The Grenada Community House is a Tudor style "stone-veneered building with false-half-timbered gables, very similar to the community house in Pontotoc and Winona" and is part of the Grenada Downtown Historic District (Mississippi Department of Archives and History). "On February 9, 1934, with aid from the WPA Library Project, the official Grenada County Library opened in the upstairs room in a building next to the Grenada Bank. In 1936 the Community House was built on Line Street as a project through WPA. Part of the building became the new home of the library. In 1963 the city of Grenada gave the entire Community...
  • Community House - Pittsboro NC
    The Civil Works Administration (CWA) and Federal Emergency Relief Administration (FERA) constructed the Community House in Pittsboro, North Carolina. The building is still in use.
  • Community House - Pontotoc MS
    The Tudor-style community house was constructed in 1935 by FERA. "A stone-veneered building with false half-timbered gables, very similar to the community houses in Grenada and Winona" (Mississippi Department of Archives and History, Historic Resources Inventory database Fact Sheet). The facility is currently available for community activities and is used frequently for committee meetings, weddings, funerals, and other local events. A committee formed in 1999 and was involved in restoration and renovation for a 10-year period (Elkins, 2009).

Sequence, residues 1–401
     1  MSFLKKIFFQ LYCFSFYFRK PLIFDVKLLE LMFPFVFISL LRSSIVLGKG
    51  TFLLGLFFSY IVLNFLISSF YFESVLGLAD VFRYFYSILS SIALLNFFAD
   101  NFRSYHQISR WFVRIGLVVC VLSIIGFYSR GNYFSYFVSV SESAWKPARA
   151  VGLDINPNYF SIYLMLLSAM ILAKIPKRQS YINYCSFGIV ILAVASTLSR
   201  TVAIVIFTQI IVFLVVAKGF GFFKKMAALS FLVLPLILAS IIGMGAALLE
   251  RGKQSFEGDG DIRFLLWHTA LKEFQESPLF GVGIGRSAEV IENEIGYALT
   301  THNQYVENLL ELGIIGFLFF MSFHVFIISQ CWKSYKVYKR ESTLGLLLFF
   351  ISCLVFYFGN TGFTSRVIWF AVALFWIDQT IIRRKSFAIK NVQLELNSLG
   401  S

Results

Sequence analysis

• Community House - Red Oak NC
    The Civil Works Administration (CWA) and Federal Emergency Relief Administration (FERA) constructed the Community House in Red Oak, North Carolina. The building, which is located on the south/east side of Church Street between Red Oak Blvd. and School St., is still in use.
  • Community House - Teoc MS
    The rustic style log cabin with stone chimney was conjectured to have been built by the federal Works Progress Administration (WPA) circa 1935, in the Teoc Community northwest of North Carrollton. WPA and other New Deal agencies built similar community houses in Mississippi in 1935. It was abandoned and collapsing in 1997, and in 2009, only the chimney remained.
  • Community House - Winona MS